Windows Movie Maker will convert the *.avi file produced by CamStudio to a *.wmv file. This is actually a good thing because it is possible to select codecs for *.avi files that visitors to your site may not have (see my review of the K-Lite Mega Codec Pack for an explanation). The *.wmv file type will play fine with the Windows Media Player that comes preinstalled with just about every version of Windows. For this reason, the *.wmv file type is probably a better choice for streaming video for the internet because anyone that has Windows should be able to play it without any problem.
You need to know that CamStudio will allow you to create any size of a screen capture area; however, the video must be in a 4:3 aspect ratio when using Windows Movie Maker. If you use Windows Movie Maker to compress a video that is not 4:3, it will squeeze your video to make a 4:3 shape which will result in distortion of the image. I normally use a 320 x 240 screen capture area in CamStudio. If you want to use a different capture area, just multiply the screen height times 1.333 to get the screen width.
CamStudio includes two different versions of media players though they don’t have all that many features. A feature that I do like is the video will play back automatically after you save the file. Another great feature is “autopan” that I use all the time. It makes the video capture area follow the cursor to wherever it goes during the recording. It is possible to record the entire screen, but the file size of the video will be much larger.
There is a known bug with viewing Flash *.swf videos generated by CamStudio. The video cannot be viewed with Netscape or Firefox. When I tried to view a Flash file using Firefox, I found that audio was produced but there was no video. The same Flash file worked file with Internet Explorer. When a Flash file is created, CamStudio also creates a companion html file. CamStudio’s home page (link below) says the problem is with the companion html file and provides a way to edit it so it works correctly. Instead of using the Flash options, I prefer to compress the *.avi files produced by CamStudio and convert them to *.wmv files using Windows Movie Maker.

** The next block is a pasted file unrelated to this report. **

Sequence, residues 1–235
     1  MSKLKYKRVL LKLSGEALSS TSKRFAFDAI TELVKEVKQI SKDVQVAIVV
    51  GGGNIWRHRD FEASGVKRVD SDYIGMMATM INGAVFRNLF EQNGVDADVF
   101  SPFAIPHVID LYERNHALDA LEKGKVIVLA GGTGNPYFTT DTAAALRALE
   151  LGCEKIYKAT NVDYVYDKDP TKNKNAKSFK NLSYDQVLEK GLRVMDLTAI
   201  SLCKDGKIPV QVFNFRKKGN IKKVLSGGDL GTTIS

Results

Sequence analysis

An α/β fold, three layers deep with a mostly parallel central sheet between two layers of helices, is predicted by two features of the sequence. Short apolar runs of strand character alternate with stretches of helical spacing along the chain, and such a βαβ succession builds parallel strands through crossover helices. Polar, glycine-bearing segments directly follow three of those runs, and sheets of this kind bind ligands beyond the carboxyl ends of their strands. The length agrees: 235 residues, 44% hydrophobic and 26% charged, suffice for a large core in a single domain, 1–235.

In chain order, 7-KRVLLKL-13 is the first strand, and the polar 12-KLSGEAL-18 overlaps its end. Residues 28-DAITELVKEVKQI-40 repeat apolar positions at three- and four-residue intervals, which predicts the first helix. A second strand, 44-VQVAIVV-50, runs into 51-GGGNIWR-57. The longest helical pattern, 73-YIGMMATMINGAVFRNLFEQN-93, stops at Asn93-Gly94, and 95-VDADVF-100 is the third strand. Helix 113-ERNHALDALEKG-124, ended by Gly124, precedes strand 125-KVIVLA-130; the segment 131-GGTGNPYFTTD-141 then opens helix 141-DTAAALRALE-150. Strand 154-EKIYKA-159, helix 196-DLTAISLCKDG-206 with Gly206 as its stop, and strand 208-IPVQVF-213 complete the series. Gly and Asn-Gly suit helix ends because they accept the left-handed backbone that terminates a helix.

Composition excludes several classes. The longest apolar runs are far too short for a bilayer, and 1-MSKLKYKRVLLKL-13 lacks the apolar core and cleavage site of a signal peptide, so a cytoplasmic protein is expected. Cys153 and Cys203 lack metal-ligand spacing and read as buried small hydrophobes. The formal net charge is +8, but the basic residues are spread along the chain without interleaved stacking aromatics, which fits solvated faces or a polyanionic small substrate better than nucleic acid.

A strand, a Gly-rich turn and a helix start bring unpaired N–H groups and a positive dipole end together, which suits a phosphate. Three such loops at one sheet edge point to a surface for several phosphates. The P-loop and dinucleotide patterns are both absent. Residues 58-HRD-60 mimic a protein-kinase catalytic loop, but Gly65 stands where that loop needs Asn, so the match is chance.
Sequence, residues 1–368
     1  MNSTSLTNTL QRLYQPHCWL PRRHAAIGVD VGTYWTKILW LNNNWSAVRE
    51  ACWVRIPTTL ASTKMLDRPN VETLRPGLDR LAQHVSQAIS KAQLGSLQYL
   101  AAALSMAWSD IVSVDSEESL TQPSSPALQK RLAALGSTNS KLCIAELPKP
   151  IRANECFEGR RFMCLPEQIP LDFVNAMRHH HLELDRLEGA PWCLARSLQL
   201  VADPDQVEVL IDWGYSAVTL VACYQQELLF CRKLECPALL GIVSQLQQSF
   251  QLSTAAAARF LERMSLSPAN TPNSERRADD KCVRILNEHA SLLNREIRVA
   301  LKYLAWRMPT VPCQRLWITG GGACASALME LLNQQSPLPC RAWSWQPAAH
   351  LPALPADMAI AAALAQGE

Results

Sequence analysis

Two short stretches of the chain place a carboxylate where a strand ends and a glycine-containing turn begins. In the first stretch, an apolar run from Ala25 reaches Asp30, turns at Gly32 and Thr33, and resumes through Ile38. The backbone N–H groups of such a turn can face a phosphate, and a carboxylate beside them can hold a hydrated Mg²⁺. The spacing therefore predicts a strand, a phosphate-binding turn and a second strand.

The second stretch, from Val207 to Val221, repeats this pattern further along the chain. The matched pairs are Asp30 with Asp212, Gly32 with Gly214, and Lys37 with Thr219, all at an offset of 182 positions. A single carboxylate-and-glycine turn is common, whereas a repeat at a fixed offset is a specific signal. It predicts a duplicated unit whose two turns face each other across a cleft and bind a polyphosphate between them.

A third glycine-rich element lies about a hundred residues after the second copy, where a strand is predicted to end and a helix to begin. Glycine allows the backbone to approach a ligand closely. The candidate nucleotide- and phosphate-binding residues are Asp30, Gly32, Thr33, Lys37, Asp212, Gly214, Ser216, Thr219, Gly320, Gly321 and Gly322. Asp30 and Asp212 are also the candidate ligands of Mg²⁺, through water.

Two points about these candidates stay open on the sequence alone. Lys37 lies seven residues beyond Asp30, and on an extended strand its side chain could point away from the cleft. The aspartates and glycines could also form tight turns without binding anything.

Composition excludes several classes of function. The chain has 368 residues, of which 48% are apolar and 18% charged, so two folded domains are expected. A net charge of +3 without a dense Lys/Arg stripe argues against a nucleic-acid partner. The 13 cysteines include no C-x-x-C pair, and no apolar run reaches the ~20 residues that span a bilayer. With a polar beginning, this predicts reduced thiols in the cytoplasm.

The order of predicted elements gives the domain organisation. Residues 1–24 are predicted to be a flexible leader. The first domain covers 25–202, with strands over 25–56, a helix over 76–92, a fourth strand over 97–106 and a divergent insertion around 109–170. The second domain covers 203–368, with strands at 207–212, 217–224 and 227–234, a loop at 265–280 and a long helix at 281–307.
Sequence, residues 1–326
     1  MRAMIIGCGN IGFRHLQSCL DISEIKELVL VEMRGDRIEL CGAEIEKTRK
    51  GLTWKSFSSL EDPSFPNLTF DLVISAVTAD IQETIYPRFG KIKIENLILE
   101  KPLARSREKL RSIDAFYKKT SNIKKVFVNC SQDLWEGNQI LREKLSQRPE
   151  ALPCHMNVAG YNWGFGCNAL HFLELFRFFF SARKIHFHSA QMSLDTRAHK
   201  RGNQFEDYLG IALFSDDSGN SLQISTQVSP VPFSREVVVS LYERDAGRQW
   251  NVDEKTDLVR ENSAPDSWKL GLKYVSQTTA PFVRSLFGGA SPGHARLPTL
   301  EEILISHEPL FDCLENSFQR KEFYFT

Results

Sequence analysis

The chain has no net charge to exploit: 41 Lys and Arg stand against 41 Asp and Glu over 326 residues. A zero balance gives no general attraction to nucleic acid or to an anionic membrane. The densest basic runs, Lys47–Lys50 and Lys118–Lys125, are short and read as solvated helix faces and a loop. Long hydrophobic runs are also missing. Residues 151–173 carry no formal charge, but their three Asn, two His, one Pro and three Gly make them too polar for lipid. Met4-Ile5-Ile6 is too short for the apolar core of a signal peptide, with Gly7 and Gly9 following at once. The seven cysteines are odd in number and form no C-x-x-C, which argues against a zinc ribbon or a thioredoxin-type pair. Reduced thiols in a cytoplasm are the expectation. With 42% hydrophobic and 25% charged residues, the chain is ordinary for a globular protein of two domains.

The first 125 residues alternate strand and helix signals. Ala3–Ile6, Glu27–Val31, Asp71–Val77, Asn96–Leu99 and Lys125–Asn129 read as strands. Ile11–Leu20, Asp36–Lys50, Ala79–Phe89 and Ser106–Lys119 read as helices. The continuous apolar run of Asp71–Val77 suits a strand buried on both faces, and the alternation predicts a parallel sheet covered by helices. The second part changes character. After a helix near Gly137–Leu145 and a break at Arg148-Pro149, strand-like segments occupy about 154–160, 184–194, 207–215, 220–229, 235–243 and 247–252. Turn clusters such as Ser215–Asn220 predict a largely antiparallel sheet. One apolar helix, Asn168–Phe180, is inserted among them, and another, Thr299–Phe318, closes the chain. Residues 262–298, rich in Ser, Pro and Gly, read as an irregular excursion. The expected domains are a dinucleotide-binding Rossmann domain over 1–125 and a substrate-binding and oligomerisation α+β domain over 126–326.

Other than this bug, I found CamStudio to be free of problems with one small exception. Screen annotations are saved in a layout to a fixed location on your screen. I would have preferred that the annotations would follow the movements of the screen capture area when using the autopan feature. As it is, you can make a screen annotation appear in a location on your screen that is not even being picked up in your recording. I consider this to be a minor problem that can be overcome by some advanced planning.
The program includes a very good help file that is accessed through the program’s Help menu option. It is very comprehensive. Anyone should be able to read it and understand how to use the program.
If you don’t especially like talking over a microphone, Wink is the software presentation tool for you. Wink also produces much smaller file sizes than CamStudio. Wink produces Flash files of ½ a megabyte in size or less. CamStudio’s files that are usually 4 or 5 megabytes in size after being compressed. I have to admit, however, that I find CamStudio to be more fun to use.
CamStudio is compatible with Windows 95, 98, ME, NT4, 2000 and XP. The download consists of a single compressed file, camstudio.zip. When unzipped, two files are produced, CamStudio20.exe and CamStudioCodec10.zip. Unzipping the latter file produced the files camcodec.inf, camcodec.dll and some text files. Right clicking on the file camcodec.inf and selecting “Install” will install the CamStudio Lossless Codec v1.0 onto your computer. Double click on CamStudio20.exe with your file manager to install the CamStudio program. After installation, the executable for CamStudio is Recorder.exe.